Ever since Bitcoin was launched and released to the public in 2009, two questions have fascinated followers: who created bitcoin and who is Satoshi Nakamoto? Even though Bitcoin’s brainchild has remained an enigma ever since its conception, speculation has mounted in recent years about the identity of Satoshi Nakamoto - the answer of which still remains a mystery.
- The creator of Bitcoin, Satoshi Nakamoto, has not been identified.
- Satoshi is thought to control around 700,000 to 1 million bitcoins, which remain dormant.
- Several people have claimed to be Satoshi, including Australian computer scientist Craig Wright, but no concrete evidence has been provided yet.
- There are several candidates who could potentially be Satoshi: Hal Finney, Nick Szabo, and Paul Le Roux.
Who is Satoshi Nakamoto?
Satoshi Nakamoto - most likely a pseudonym - is the name attributed to the creation of Bitcoin. Satoshi introduced Bitcoin to the Cryptography Mailing List, published the whitepaper on bitcoin.org, created Bitcointalk and guided the development through its early stages. He eventually disappeared from the internet completely and handed stewardship of the Bitcoin project to Gavin Andresen and others in December 2010.
The creator of Bitcoin was very careful to cover their tracks by using the anonymised email service gmx.com so that no one could pinpoint their location. While we do not know a lot about Satoshi Nakamoto, we do know that they started working on Bitcoin in 2007. According to their P2P Foundation profile, they were born on April 7, 1975 in Japan. The only other legacy Satoshi left behind was the code of Bitcoin itself and writings across Bitcointalk and various other email lists.
Analysis of his online activity and writing has attempted to narrow down the enigmatic creator of Bitcoin. For instance, according to the timing of Satoshi’s posts online, it would be hard to believe that they were based in Japan. Instead, the timings based him in an EST timezone in the United States - as they were never active online between 6am and 11am GMT.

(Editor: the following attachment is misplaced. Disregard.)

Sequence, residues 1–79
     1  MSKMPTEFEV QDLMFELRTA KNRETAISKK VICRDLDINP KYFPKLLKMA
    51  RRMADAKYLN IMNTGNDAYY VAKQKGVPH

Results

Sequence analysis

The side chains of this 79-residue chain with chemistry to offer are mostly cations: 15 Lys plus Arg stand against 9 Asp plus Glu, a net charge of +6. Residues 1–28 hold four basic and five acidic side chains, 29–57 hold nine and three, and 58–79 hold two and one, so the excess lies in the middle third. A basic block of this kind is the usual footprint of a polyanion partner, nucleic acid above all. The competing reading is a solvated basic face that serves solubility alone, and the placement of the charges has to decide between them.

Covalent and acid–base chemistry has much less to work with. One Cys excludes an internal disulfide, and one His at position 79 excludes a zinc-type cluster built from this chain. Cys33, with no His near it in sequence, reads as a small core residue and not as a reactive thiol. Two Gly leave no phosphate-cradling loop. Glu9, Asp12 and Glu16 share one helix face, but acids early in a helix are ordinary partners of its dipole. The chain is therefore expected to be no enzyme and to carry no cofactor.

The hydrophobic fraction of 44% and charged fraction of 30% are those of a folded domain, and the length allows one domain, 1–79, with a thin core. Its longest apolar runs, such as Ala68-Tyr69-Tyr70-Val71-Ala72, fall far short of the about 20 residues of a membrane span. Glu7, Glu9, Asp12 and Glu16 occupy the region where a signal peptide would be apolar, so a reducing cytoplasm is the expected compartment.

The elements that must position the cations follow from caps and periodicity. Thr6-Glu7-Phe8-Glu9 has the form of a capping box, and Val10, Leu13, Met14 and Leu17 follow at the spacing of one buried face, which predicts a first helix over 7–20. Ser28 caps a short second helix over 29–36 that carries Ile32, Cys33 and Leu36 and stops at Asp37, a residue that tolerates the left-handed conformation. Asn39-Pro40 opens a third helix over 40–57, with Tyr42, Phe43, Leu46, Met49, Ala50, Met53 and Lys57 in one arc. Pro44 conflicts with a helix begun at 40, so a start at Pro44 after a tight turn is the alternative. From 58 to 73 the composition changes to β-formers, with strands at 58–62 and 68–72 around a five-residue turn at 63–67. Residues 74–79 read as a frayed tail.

There are few indications that Satoshi might have been based in the UK. For example, he used The Times headline to prove to the world that the genesis block was created and used the date-month-year format, which is mostly found in the UK. His writing online was always in impeccable English. But the timing of his posts and other clues may have been intentional to throw people off.
Satoshi was the first miner on the Bitcoin network and it is estimated that he amassed anywhere between 700,000 to 1 million bitcoins. We do not know exactly how many blocks Satoshi mined, but it is widely acknowledged that many of the first Bitcoin blocks were indeed mined by him and the coins earned from these blocks were never moved from their original addresses.
Around the all-time high for the price of bitcoin, Nakamoto would have been among the top 100 richest people in the world. If these bitcoins moved, the effect on the market would be massive. Some suggest that the Satoshi bitcoins could serve as a bounty to encourage people to try to break the Bitcoin protocol.
As Bitcoin was in the early stages of its development, Wikileaks started to take notice but Satoshi was wary of the negative attention that it could draw to Bitcoin and potentially harm its development. “Wikileaks has kicked the hornet’s nest, and the swarm is heading toward us,” Satoshi is famously quoted as saying.
By this time, Satoshi was working with others on Bitcoin, including Gavin Andresen and around a week later after his warning about Wikileaks, Satoshi disappeared from the Bitcointalk forum forever.
After his last post on Bitcointalk, Satoshi then stopped replying to emails from Andresen after it emerged that Andresen was planning to speak about bitcoin at a CIA headquartered emerging technologies conference in April 2011.
In one of Satoshi’s last ever emails, released by former Bitcoin developer Mike Hearn, Satoshi poured cold water on ever returning to Bitcoin, saying: “I've moved on to other things. It's in good hands with Gavin and everyone.” He has not surfaced since.
Since then, a few people have come forward claiming to be the genuine creator of Bitcoin (but have offered no conclusive proof). For instance, Australian computer scientist Craig Wright claimed to be the true creator of Bitcoin after investigations by the BBC, Wired and Gizmodo suggested he was Satoshi in 2015 and 2016.
However, Wright’s proof was later claimed to be a forgery. Until someone signs the genesis block or uses the PGP public key that is widely associated with Satoshi, any “proof” put forward is insufficient.
The Most Likely Satoshi Candidates
Many people have tried to identify the mysterious inventor of Bitcoin. We profile some of the most likely Satoshi candidates below.
Reusable Proof of Work was a concept created by American programmer Hal Finney, who in turn was the first person to start mining Bitcoin after Satoshi and was the recipient of the first ever Bitcoin transaction. One theory about the identity of Satoshi is that it is actually Hal Finney, who used a pseudonym to distance himself from the creation of Bitcoin.